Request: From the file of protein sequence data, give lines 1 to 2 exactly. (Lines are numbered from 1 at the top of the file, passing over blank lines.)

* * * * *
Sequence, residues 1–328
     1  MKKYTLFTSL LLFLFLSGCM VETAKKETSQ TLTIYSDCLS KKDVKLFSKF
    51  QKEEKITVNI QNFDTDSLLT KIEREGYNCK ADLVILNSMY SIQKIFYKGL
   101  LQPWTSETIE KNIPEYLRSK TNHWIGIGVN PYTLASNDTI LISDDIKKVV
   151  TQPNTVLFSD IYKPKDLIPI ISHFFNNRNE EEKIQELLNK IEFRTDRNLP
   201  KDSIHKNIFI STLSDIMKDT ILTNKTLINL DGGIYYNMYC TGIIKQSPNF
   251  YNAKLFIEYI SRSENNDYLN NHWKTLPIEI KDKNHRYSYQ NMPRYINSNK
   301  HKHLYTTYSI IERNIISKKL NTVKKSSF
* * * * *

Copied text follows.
Sequence, residues 1–328
     1  MKKYTLFTSL LLFLFLSGCM VETAKKETSQ TLTIYSDCLS KKDVKLFSKF